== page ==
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justice

So far, there have been virtually no repercussions for acts over the past decade that devastated the economy and created the morass we now see in the Middle East. There is little appetite for revisiting the errors of omission and commission that were perpetrated by the government to both create and then exacerbate those crises. We seem to have settled on the idea that confronting our defects and admitting our mistakes will cause the whole house of cards to come tumbling down. One cannot help noticing that all these people who refuse to deal with the truth seem to have very little faith in the American system — and the American people. How nightmare prosecutors pervert American justice

If a private person uses force or threat of force to pull a vehicle over to the side of the road in order to steal the driver’s cash or car, it’s called highway robbery or carjacking. The person will go to prison, maybe for decades. But when the police do it, it’s called “asset forfeiture.” And it’s legal even when the person is never charged with any crime! Michelle Alexander

Martin Luther King reminds us of the danger of settling for cheap peace. King’s “Letter From a Birmingham Jail” can be interpreted as a theological manifesto attacking calls for cheap peace. In this letter, King responds to his critics, who called his leadership against segregation laws in Birmingham “unwise and untimely.” His critics denounced his leadership of the demonstrations he led in Birmingham, arguing that such activities promoted unrest and violence instead of peace and healing. King responds to his critics by expressing his regret that they did not “express a similar concern for the conditions that brought about demonstrations.” He further states that a social analysis that focuses on effects without grappling with underlying causes is a superficial analysis. For King, the underlying cause for protests against racial injustice in America is always and already tied to inequitable and uncaring systems that subjugate Blacks to second-class citizenship. A responsible theology involves critical social analysis of the dehumanizing root causes of perceived an/or real social effects (any anger or rage that manifests among oppressed groups) in order to inaugurate justice in response to degrading causes and conditions. Cheap Peace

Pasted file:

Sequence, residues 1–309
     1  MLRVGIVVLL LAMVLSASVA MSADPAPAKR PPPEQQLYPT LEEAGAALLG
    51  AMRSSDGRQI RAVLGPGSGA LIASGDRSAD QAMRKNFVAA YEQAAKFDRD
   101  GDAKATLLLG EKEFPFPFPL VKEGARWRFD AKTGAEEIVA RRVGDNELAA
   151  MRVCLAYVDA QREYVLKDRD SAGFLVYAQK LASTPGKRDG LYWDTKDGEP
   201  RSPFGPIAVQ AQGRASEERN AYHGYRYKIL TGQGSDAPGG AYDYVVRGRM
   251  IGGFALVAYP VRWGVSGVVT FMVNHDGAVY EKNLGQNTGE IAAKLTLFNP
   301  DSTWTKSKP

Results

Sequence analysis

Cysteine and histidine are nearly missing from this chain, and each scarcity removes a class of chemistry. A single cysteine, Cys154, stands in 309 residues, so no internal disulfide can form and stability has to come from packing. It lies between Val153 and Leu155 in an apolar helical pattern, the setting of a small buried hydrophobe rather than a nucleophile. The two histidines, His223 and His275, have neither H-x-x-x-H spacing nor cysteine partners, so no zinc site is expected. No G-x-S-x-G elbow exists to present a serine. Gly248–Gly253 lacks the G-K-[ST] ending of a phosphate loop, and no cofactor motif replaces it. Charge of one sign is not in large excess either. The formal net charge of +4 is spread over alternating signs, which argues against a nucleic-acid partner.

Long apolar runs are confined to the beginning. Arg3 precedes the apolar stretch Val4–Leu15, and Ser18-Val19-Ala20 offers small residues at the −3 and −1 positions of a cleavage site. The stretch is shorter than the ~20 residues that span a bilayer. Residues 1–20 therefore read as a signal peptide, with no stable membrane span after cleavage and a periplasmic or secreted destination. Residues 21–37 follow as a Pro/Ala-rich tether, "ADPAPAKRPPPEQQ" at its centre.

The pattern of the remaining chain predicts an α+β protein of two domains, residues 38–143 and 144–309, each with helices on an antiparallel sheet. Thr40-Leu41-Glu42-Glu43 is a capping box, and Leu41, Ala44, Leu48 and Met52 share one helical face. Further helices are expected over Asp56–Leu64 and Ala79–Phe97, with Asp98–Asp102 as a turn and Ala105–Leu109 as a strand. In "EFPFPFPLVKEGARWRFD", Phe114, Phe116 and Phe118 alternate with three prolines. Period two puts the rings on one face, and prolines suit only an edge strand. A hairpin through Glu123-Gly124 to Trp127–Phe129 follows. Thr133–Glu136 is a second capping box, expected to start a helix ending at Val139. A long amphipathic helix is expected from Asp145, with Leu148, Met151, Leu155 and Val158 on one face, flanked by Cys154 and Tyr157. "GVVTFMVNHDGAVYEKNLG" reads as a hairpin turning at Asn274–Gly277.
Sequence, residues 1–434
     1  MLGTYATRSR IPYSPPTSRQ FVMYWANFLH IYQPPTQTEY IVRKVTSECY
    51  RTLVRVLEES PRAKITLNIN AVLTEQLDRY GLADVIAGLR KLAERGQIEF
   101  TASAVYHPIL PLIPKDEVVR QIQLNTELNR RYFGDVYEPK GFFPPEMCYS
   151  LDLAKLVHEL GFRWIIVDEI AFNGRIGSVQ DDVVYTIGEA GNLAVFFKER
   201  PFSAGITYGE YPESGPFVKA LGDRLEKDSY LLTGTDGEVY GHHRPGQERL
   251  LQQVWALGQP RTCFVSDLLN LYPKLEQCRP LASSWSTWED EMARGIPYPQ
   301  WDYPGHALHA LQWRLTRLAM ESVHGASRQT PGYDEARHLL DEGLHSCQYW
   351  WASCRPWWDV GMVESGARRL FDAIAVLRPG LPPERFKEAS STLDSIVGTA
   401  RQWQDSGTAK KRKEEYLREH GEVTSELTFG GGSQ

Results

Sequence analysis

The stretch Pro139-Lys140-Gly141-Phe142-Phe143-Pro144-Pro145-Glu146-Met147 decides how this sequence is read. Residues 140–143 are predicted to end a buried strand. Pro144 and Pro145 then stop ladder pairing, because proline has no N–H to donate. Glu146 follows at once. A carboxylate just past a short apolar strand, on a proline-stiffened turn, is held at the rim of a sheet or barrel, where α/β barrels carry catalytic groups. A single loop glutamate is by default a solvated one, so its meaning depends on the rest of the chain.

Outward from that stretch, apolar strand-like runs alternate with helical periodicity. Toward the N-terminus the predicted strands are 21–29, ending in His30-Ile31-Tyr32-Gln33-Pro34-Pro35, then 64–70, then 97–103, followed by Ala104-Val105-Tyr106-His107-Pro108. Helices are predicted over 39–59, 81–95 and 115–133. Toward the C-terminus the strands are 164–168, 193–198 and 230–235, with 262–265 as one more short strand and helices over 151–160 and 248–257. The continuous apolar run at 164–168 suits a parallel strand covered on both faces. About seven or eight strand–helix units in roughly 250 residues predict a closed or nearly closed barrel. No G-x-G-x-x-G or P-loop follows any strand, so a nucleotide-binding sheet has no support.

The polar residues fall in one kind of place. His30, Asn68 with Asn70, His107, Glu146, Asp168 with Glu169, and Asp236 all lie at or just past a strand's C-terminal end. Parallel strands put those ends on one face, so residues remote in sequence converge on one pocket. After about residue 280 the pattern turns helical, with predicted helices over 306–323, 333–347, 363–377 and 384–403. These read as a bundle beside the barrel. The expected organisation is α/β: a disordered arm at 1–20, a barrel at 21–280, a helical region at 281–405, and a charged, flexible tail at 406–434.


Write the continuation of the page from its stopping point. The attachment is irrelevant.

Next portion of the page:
The police are quick to argue that their use of force is justified, but the real question is not whether something can be justified, but whether it is in fact good. For decades teachers beat children in schools. This was similarly justified, arguing that it was the only way to maintain order in the classroom. Now that the majority of states have passed laws against corporal punishment of children in school, teachers have found other much more effective ways of creating an atmosphere of respect and order without the use of violence. We seem to have learned that lesson with our kids, the lesson that what we once thought was violence “for your own good” was in fact damaging and counter-productive. We seem to have yet to learn that lesson with “good” violence when it comes to the police or guns. Ferguson and America’s Love Affair with Violence

I’ve seen a homeless man told that he is a “piece of sh*t” by an officer in uniform. I’ve seen 12-year-old girls taken into custody because they had dark skin and the wrong color t-shirt. We’ve had our house raided by mistake in a sting operation gone awry with officers throwing people to the ground and ripping one woman’s shirt nearly off. We are in the middle of a case right now where officers were responsible for breaking a young child’s leg. And in one of the most tragic instances, we saw a mentally-ill homeless man shot to death as he hid behind a metal chair. Those are the bad stories. And they are real. Having somewhat double vision now, I understand why 70% of white folks trust the police and about 70% of black folks don’t. We’ve seen different things out our windows. Give Us New Eyes

Today, it is just a guy in the news that a corrupt, pathetic police chief tried to slander by leaking a tape. Tomorrow it could be you for not moving fast enough when a siren screams. Or your child, because he or she protest something they see as unfair. As an American today I simply say: Enough! My rights are precious, and I value those provided to me through the United States Constitution so much. I will never take a day off policing the people we pay and keep a public trust with. I will use my camera, my pen, my pad and my network to do my part, to make sure that American will no longer fear their government. or it’s employees. They work for us — not the other way around. Killer Mike on the Problems Underlying the Chaos in Ferguson

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Police brutality is not the Bogeyman. It’s not an urban legend witnessed by none but told by many. It’s not a myth created by a primitive tribe that is too simple to understand the true source of the brokenness in its communities. Black people believe in police brutality for the same reason they believe in rain—because they’ve felt it … For those of us who have never experienced law enforcement corrupted by power, basic human decency should require that we try to understand and consider the perspective of those who have… Hans Fiene

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